Metamorphosis and flow: Orlanda Broom debuts powerful abstract show Shapeshifters at Grove Square Galleries
British contemporary artist Orlanda Broom has this week announced a solo showing of her new work, opening on 16th June at Grove Square Galleries. Known for her highly chromatic, surreal landscape paintings, Broom presents a new direction in Shapeshifters, a powerful collection of abstract pieces in vibrant resin.
Having studied and worked in Barcelona until 2012 (when she returned to the UK to create full-time from her London studio), Broom’s main painting practice now takes two distinct forms: rich landscapes and lively abstract pieces (Shapeshifters falling into this latter category). Both bodies of work communicate her strong sense of colour, with references to organic forms and a curiosity about the mediums she works with.
The British artist is perfectly placed to show at Grove Square Galleries, Marylebone, which opened in 2020 to celebrate the very best of contemporary art. Their exciting exhibition programme, merging digital materials and immersive art experiences, includes a distinguished roster of fine art innovators. Broom is part of a new generation of artists reimagining the genre of abstraction, whereby labels aren’t important. These creators are more interested in the science behind the medium, harnessing application and techniques to develop expressive and compelling compositions. It’s a school of thinkers devoted to the exploration of pushing the boundaries of colour, medium and light to communicate the power of movement and fluidity.
Broom’s approach to the abstract art in Shapeshifters is quite different to the meticulous layering process behind her revered landscapes. “I surrender to the fluidity of the composition while organic forms appear with immediacy,” she says. As the resin starts to set, shapeshifting from a fluid to a solid state, Broom is on-hand, fascinated by the process and its organic evolution to a finished work. “It’s quite intense and pressured,” she says. “Decisions must be made instantly because I am working with varying factors, including temperature, surface and fluidity, so there’s an element of risk.”
The title of this exhibition evokes the idea of transience and the mysterious and elusive quality of what means to exist. In Shapeshifters, Broom quite literally is the “shape shifter”, as the creator of the metamorphosis, capturing the movement and warping of resin on her canvas, and giving life to creations bursting with explosive dynamism, fluid shapes and playful colour.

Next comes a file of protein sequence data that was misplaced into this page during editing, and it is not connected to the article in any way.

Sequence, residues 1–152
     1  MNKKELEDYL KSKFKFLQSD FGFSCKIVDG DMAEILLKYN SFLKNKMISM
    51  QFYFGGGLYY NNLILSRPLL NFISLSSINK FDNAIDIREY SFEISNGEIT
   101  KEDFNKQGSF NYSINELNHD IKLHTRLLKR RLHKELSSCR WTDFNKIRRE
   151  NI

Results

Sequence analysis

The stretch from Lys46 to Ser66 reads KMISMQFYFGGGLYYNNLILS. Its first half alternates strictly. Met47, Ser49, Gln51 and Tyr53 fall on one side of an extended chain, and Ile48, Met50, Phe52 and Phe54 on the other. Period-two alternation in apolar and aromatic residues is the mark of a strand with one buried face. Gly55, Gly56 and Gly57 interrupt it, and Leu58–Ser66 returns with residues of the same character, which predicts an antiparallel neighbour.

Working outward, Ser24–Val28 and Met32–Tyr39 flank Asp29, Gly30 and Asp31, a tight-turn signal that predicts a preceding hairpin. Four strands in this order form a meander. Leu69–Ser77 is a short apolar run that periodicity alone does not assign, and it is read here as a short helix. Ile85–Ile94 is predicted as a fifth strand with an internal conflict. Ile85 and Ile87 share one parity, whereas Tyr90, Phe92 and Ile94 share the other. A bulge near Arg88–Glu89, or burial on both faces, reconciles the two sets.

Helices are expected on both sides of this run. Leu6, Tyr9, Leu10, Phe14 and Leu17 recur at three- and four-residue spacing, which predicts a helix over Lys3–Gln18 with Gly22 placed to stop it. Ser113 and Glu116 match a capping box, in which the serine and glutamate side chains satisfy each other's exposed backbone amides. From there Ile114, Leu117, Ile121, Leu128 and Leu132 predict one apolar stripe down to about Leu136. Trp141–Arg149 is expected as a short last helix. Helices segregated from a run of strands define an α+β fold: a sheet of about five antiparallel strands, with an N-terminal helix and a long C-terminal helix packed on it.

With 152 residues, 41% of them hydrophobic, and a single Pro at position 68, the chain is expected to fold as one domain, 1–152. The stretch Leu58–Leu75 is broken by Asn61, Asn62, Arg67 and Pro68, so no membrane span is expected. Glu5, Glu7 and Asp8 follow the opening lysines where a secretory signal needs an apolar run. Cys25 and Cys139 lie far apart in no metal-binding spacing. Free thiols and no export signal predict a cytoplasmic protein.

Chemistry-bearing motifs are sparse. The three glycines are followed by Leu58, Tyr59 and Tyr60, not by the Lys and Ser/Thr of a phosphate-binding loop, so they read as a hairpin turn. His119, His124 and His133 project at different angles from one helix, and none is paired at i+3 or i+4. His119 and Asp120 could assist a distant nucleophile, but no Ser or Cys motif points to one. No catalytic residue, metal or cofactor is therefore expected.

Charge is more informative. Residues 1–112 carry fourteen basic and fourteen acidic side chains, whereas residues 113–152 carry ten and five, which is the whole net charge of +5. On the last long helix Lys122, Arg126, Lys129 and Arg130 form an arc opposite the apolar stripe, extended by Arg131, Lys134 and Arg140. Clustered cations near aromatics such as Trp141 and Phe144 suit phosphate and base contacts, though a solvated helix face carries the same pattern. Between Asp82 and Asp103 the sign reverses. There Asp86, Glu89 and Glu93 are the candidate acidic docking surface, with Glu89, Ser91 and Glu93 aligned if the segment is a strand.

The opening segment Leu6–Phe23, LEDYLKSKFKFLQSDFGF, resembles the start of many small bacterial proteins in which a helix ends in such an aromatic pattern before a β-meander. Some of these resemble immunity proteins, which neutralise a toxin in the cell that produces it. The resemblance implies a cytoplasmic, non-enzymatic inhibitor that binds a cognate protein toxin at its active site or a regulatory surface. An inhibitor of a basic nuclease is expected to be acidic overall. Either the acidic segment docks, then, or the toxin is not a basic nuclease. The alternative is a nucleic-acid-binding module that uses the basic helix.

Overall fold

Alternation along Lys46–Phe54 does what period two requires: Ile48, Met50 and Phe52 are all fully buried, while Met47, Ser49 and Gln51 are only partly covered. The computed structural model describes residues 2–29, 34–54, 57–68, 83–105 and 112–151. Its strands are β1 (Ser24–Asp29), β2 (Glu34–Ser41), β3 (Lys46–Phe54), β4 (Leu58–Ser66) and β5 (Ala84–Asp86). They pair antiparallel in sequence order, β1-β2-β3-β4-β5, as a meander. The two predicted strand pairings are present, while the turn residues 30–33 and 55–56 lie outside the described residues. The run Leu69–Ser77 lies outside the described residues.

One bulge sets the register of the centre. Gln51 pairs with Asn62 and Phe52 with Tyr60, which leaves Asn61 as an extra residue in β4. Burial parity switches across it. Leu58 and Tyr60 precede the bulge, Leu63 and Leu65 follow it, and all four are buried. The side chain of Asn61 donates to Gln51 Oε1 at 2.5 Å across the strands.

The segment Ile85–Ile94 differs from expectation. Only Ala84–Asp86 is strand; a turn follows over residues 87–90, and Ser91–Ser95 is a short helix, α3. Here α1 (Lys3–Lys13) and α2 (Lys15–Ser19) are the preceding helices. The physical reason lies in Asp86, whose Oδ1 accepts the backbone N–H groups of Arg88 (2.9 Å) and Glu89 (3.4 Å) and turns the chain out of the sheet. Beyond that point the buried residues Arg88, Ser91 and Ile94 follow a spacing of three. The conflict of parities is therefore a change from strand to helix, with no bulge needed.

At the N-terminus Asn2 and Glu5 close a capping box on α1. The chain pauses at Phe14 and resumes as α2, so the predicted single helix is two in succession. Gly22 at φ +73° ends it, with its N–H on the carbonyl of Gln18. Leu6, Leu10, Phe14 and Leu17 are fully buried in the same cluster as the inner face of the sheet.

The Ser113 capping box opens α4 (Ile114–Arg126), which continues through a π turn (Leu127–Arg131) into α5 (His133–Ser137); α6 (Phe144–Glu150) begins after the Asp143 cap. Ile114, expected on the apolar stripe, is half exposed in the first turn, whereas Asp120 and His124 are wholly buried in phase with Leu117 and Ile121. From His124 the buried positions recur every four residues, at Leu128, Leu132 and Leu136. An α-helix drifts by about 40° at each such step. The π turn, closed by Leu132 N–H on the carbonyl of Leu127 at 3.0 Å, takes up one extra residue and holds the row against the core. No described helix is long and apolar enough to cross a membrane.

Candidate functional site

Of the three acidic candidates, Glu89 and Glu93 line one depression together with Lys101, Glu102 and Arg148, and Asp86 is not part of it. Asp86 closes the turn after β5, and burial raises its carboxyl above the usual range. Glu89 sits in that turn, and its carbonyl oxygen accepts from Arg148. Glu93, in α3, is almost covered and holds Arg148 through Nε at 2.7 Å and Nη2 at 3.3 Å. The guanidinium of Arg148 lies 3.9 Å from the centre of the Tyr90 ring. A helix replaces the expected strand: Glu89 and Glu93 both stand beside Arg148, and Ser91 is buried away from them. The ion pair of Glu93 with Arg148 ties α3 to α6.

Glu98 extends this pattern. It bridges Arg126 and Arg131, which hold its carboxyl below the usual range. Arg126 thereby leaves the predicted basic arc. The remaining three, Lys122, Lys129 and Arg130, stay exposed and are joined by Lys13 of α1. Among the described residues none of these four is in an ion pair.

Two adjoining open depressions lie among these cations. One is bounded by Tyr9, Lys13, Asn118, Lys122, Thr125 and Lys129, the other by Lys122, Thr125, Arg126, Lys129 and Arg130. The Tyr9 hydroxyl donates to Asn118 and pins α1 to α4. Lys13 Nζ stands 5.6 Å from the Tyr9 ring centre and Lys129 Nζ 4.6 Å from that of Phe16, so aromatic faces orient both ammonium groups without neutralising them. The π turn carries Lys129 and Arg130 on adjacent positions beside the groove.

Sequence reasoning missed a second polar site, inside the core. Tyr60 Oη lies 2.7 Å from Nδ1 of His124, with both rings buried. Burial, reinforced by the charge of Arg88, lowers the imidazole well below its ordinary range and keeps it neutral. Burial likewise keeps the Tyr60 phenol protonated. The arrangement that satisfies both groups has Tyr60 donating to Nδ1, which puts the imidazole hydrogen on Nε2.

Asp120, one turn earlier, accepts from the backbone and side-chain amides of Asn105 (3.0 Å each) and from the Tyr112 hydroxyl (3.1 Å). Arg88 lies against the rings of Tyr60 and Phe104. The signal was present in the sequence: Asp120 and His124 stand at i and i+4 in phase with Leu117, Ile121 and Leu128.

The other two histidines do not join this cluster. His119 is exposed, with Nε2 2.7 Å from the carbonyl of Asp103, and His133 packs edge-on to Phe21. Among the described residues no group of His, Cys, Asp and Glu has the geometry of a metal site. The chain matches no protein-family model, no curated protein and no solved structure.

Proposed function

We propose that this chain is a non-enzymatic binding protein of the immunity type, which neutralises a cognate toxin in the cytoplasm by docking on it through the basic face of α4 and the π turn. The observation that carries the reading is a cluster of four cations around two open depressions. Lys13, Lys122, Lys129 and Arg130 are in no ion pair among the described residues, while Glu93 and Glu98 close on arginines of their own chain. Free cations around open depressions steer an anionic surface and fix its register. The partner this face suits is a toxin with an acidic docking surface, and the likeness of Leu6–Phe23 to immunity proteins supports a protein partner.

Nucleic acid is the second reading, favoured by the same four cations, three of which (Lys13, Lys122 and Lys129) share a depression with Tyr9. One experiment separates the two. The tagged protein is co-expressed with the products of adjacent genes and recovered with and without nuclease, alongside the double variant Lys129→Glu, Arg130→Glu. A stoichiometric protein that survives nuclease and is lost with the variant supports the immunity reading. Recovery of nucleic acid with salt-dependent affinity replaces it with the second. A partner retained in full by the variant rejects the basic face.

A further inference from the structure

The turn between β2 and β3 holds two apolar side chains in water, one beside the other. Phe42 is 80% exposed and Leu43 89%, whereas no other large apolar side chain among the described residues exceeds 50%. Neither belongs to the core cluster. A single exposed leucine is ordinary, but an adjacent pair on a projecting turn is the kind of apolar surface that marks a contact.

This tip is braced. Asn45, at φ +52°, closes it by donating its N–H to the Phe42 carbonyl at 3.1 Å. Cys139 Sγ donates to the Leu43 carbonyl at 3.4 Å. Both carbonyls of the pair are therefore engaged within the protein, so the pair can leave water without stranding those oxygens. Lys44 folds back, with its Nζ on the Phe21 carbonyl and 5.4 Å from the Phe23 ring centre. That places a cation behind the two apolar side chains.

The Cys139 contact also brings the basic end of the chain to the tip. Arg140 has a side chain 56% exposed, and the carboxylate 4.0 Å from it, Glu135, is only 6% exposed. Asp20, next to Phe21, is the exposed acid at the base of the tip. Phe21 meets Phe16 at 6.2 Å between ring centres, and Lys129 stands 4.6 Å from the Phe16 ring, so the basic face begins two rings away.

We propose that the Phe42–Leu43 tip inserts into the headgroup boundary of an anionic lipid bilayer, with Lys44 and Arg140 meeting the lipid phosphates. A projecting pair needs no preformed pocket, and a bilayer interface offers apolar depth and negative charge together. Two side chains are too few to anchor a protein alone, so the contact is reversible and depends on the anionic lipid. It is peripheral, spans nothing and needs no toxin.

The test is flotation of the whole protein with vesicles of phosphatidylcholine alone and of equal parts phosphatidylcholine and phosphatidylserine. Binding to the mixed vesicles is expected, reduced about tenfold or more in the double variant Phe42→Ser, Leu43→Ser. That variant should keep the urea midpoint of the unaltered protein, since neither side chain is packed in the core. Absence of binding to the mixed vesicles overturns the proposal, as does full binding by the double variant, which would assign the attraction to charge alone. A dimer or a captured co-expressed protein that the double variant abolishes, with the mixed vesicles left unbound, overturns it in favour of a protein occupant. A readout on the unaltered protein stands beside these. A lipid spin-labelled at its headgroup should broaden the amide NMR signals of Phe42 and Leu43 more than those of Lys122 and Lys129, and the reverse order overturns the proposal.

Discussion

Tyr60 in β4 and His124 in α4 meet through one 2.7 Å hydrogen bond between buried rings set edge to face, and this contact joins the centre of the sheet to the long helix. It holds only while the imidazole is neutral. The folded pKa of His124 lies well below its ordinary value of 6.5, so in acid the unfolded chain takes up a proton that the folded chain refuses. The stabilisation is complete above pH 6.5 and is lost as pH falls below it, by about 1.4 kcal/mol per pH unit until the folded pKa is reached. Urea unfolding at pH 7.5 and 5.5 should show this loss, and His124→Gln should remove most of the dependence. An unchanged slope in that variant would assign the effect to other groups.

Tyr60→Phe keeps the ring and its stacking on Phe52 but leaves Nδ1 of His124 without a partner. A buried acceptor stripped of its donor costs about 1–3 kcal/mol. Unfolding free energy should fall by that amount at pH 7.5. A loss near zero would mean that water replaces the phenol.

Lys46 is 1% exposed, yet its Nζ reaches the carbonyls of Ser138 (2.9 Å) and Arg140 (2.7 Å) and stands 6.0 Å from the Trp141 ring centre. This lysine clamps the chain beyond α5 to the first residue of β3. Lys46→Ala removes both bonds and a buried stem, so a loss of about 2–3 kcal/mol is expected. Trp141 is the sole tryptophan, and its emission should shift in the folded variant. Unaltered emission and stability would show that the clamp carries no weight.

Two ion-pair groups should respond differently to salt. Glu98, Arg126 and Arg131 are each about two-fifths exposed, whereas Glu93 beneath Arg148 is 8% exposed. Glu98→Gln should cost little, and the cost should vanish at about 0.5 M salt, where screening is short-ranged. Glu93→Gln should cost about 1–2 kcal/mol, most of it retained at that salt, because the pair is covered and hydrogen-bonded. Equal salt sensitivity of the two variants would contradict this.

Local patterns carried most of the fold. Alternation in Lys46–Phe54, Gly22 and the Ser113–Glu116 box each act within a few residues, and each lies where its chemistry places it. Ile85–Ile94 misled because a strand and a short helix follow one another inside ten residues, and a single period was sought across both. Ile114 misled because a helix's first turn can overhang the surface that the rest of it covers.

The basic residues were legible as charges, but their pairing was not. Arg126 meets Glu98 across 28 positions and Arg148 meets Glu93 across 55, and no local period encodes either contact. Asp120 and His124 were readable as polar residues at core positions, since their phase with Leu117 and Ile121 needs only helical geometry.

In her techniques, Broom is inspired by the action paintings, or gestural abstraction, of abstract expressionists, including Jackson Pollock and Arshile Gorky, the specific processes involved being instrumental in the creation of the paintings. “Working in this way gives me the freedom to work quickly and dynamically, at one with the movement of the resin and also at the whim of the material. I have an understanding of how the medium will flow, but I’m only in control to a certain extent, as the flow of the resin and merging colours have so many variables.” The colour and the form of the work continue to evolve and change as the resin spreads, and, for Broom, “to see this transition from one state to another is exciting.” The resin sets quickly and the metamorphosis is complete.
The exhibition offers a kind of escapism, transporting the viewer through the play in the paintings with light and vivid colour. The undefined, organic forms that emerge from the process invite independent interpretation from the viewer – a common feature of abstract, expressive works. Broom is inspired by the idea of her audience finding their own meaning in her shapeshifting works, saying: “I’m interested in the interpretation of abstract works. I enjoy that people respond and read the paintings in their own way. I like making space for the personal, subjective response of the viewer.”
“I have a strong desire to allow the viewer their own flow of thought,” says Broom. The flexible nature of the resin is just the beginning of the way her nebulous forms continue to change in the mind’s eye: “Each work is intended to be ambiguous, almost like Rorschach test, reflecting feelings, attitudes, floral, fauna and movements.”
Each of these abstract paintings defines a poetic journey, shapeshifting in the viewer’s consciousness long after they are considered set and complete, immortalising seemingly fluid form, memories and emotions in hardened resin.
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Shapeshifters is on at Grove Square Galleries from 16th June until 30th July 2022. For further information or to book visit the gallery’s website here.